In the doggie version of Driving Miss Daisy, PawPaw served as Popeye’s, Smokey’s, and O.D’s chauffeur. PawPaw always held open the car door for them to crawl into the back seat before he sat down in front behind the steering wheel. He made sure a soft wool blanket was placed on the back seat for their comfort. PawPaw treated them like royalty as he drove them everywhere in the car. That was because he knew his dogs saw him, their PawPaw, as their King, their Lord of the Manor. And because the dogs were so loyal and so in awe of him, the dogs never made a sound or complaint as to words they heard PawPaw scream in the car about those reckless and discourteous drivers on the road.
Like Sarah in the Bible, Popeye, Smokey, and O.D. went wherever PawPaw went. In the garden. In the car. Walking around the neighborhood to visit his children and grandchildren like me. They could not have loved a two-footed human being more as their owner, Master, King, or companion than any four-footed canine on Earth. Sitting in silence at PawPaw’s feet was to them the happiest place, the most sacred ground in Emmottville.
Suddenly, one morning in December 1978 I woke up. My son John, two months old, was crying uncontrollably. Something he had never done before. I looked out the window and saw my brother Gary sprinting across our front lawn running toward PawPaw’s house. I knew that something was terribly wrong. Dorothy and I immediately went over to PawPaw’s house. Popeye, Smokey, and O.D. were sitting on the back door steps of the house as if they were waiting for their usual pieces of PawPaw’s toast. The toast was not coming. I walked down the hall and looked into PawPaw’s bedroom. I saw PawPaw was laying on his right side clothed in his khaki pants and soft blue flannel shirt. A dog owner’s lifeless pose of a very old soul who had taken his last breath.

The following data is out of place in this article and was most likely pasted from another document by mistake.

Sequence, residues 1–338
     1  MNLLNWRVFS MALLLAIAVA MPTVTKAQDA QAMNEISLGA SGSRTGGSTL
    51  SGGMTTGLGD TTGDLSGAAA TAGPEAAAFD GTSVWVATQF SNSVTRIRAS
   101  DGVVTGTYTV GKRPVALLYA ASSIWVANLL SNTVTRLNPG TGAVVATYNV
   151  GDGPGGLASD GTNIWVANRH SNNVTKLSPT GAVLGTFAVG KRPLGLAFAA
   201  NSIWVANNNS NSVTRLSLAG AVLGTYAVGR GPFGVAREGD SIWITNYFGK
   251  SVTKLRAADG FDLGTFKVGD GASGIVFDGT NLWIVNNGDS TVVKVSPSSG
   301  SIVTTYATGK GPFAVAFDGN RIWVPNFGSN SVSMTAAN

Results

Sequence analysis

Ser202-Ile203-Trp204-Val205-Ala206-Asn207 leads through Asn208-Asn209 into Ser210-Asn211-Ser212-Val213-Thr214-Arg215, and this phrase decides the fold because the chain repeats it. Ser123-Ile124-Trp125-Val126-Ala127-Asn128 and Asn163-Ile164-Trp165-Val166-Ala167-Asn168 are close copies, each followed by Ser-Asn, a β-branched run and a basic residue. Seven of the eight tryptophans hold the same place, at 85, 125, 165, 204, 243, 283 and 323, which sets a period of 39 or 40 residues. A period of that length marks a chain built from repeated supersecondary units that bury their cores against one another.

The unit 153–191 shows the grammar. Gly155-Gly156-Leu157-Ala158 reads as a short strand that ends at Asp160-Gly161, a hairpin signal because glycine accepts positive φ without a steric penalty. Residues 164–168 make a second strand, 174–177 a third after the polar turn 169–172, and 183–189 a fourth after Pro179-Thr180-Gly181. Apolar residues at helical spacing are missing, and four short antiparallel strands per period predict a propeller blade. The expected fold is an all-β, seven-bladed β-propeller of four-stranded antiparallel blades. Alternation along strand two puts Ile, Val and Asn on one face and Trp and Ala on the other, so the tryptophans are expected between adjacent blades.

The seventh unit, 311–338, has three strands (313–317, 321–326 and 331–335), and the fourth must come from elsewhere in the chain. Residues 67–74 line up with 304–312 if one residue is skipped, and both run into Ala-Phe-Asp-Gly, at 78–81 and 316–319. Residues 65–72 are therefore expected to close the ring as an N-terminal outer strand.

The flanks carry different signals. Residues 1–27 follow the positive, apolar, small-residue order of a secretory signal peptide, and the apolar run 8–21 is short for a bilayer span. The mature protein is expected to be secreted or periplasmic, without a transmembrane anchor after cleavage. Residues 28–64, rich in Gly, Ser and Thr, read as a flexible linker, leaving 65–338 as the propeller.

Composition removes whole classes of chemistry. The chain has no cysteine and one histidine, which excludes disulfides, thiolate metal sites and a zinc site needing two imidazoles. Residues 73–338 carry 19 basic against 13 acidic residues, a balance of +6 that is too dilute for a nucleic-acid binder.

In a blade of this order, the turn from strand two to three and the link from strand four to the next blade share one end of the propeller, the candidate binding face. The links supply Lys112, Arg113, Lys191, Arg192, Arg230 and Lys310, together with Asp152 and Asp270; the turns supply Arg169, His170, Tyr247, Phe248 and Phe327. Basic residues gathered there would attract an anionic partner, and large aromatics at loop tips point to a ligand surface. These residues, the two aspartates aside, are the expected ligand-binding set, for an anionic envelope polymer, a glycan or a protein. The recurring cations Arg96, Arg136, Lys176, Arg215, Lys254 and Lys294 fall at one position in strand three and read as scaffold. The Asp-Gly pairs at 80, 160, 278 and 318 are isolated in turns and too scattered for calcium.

Soon the hearse from Waltrip Funeral Home pulled in the driveway. It parked by the three seated dogs and by the steps leading to the hall and to PawPaw’s bedroom. PawPaw’s body was placed on a gurney. After the gurney carefully navigated its way down the hall, out the door and down the steps, Popeye, Smokey, and O.D. witnessed PawPaw’s body being placed in it. The hearse’s rear door slammed shut. Yet, PawPaw’s loyal dogs did not flinch or move. They stood their ground in reverence for him.
As if Popeye, Smokey, and O.D. knew that this was their last time to spend with their Master and King, they needed to show their love, respect, and loyalty one last time. As the black hearse began to roll forward to leave the home, Popeye, Smokey, and O.D. stood up. Emulating what I saw when President Kennedy’s caisson carried his body to its final resting place in 1963, these three devoted dogs walked in silence and in unison with the hearse as it made its way down the driveway under the canopy of the Live Oak Trees PawPaw planted 50 years before.